New York City’s One World Trade Center’s spire was lit pink to celebrate the passing of a law that legalises abortion for any reason up to birth.
The law also allows non-doctors to perform abortions and repeals a legislation recognising unborn babies over 24 weeks as potential homicide victims.
New York Governor Andrew Cuomo, a Catholic, signed the bill on Tuesday before ordering that the spire of One World Trade Center, as well as bridges and buildings in the sate capital of Albany be lit pink in celebration.
“In the face of a federal government intent on rolling back Roe v. Wade and women’s reproductive rights, I promised that we would enact this critical legislation within the first 30 days of the new session – and we got it done,” Cuomo said.
New York State’s bishops decried the move, saying the state had become “a more dangerous one for women and their unborn babies”.
“Today, New York state has added a sad chapter to this already solemn date of Jan. 22, the anniversary of Roe v. Wade,” the bishops said in a joint statement.
“Many of the state senators and Assembly members who voted for this abortion expansion are mothers themselves, who felt their child toss, turn and kick in their womb, and delighted in the progress of their pregnancy,” the bishops continued.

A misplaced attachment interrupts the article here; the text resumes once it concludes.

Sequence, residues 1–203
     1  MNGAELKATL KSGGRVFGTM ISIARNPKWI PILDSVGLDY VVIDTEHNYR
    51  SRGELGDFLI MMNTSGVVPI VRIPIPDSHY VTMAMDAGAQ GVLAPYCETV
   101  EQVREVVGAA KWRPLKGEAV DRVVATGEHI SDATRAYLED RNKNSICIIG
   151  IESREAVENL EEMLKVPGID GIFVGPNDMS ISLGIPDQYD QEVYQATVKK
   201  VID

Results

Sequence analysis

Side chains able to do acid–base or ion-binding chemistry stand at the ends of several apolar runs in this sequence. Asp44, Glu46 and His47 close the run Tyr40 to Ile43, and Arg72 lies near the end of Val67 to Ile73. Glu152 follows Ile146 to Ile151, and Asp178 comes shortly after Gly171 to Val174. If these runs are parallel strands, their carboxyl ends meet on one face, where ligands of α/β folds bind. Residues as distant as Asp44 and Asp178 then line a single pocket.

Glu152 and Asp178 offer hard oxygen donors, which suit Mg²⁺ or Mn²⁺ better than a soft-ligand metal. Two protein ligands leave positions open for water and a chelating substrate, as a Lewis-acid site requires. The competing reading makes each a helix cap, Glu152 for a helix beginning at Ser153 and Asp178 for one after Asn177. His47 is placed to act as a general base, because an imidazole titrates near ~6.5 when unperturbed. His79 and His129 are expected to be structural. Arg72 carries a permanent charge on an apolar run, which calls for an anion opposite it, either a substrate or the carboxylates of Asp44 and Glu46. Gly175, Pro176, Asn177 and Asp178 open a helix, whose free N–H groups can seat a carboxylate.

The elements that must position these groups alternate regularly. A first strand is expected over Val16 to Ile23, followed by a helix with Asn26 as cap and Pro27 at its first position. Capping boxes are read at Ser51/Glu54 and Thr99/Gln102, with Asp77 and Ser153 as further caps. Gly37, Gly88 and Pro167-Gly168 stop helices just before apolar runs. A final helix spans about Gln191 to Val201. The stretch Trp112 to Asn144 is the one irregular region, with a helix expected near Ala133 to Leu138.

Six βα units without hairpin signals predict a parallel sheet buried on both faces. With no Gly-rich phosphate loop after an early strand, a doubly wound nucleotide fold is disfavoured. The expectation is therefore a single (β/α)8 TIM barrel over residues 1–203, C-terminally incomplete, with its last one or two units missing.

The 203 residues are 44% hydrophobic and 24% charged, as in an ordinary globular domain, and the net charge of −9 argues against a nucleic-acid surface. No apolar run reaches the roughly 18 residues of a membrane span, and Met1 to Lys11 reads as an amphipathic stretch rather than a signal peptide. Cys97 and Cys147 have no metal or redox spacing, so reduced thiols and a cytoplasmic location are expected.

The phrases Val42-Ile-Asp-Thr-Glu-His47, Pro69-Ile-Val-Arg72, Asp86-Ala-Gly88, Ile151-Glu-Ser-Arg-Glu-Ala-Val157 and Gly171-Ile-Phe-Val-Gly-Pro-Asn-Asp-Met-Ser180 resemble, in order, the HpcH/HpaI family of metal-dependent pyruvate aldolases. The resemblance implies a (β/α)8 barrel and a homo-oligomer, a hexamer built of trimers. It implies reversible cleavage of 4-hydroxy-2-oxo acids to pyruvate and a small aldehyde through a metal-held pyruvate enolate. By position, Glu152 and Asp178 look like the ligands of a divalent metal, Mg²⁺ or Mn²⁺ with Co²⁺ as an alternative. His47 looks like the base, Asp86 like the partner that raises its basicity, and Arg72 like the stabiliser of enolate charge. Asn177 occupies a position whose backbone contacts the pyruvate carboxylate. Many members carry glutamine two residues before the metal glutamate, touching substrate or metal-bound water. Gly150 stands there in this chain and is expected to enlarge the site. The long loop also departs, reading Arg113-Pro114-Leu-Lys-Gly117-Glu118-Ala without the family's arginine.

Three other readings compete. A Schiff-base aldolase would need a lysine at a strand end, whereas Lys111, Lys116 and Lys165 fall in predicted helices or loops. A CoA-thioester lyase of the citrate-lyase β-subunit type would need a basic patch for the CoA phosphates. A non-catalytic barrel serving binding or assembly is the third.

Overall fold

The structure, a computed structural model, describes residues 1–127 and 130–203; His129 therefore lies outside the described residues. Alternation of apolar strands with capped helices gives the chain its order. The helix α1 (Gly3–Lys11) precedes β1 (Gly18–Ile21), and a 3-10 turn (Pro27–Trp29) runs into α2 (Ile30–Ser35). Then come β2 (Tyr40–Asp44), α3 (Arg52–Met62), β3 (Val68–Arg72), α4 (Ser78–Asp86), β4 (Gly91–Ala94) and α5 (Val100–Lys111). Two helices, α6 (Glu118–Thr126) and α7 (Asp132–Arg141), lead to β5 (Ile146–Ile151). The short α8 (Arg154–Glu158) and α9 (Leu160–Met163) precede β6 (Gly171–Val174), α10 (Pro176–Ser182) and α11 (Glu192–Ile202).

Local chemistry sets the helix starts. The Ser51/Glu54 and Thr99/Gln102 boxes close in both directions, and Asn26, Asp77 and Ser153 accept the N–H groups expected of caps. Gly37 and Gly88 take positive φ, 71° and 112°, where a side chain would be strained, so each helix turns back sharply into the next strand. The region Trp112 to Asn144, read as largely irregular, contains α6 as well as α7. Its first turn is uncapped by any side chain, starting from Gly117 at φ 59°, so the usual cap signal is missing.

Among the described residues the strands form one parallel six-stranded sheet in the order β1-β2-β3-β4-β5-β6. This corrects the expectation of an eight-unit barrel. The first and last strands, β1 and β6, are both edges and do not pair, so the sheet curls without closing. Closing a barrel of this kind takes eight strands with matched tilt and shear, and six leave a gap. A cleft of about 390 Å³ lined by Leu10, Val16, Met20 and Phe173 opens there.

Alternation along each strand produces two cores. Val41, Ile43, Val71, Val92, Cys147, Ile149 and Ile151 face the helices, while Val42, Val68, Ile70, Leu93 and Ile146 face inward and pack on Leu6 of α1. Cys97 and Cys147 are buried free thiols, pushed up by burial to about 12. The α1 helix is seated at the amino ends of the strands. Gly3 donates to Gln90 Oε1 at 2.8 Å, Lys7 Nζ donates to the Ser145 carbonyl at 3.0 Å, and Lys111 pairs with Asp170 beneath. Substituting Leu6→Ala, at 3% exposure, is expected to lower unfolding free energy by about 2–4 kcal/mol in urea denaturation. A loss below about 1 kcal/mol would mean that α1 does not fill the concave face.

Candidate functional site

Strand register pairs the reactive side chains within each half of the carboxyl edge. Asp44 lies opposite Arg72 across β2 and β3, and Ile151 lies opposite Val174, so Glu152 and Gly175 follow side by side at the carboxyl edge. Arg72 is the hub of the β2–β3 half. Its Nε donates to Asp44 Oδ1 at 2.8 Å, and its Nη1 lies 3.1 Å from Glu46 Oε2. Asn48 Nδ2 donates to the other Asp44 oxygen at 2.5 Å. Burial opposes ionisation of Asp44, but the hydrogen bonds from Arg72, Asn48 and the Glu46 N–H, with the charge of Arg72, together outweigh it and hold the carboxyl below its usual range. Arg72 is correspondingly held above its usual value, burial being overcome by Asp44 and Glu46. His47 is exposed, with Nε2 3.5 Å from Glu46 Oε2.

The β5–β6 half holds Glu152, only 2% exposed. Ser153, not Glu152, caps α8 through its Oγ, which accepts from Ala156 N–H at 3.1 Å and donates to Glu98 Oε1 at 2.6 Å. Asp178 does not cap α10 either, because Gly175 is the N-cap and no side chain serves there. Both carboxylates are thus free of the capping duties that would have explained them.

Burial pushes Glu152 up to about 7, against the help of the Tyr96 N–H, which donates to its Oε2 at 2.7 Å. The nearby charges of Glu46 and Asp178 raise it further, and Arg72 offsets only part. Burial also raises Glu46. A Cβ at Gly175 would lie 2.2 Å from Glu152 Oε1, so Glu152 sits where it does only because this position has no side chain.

“Many others, as well as our governor, are fathers, who held their partner’s hand as they viewed the ultrasound videos, watched their child squirm and rejoiced at the first sound of a heartbeat,” they said. “Many of these same officials were themselves born into less-than-perfect conditions — poverty, health problems, disabilities, broken families.
“All overcame these issues to rise to leadership in our state, because their parents chose life for them,” they added.
The bishops thanked all who allied with the Catholic Church “in the 12-year-long fight to stop this horrendous policy, and all pro-life New Yorkers who made their voices heard in an effort to stop it.”
“Let us all pray for the conversion of heart for those who celebrate this tragic moment in the history of our state,” they said. “And we pray in a special way for the lives that will be lost, and for the women of our state who are made less safe under this law.”
This page is available to subscribers. Click here to sign in or get access.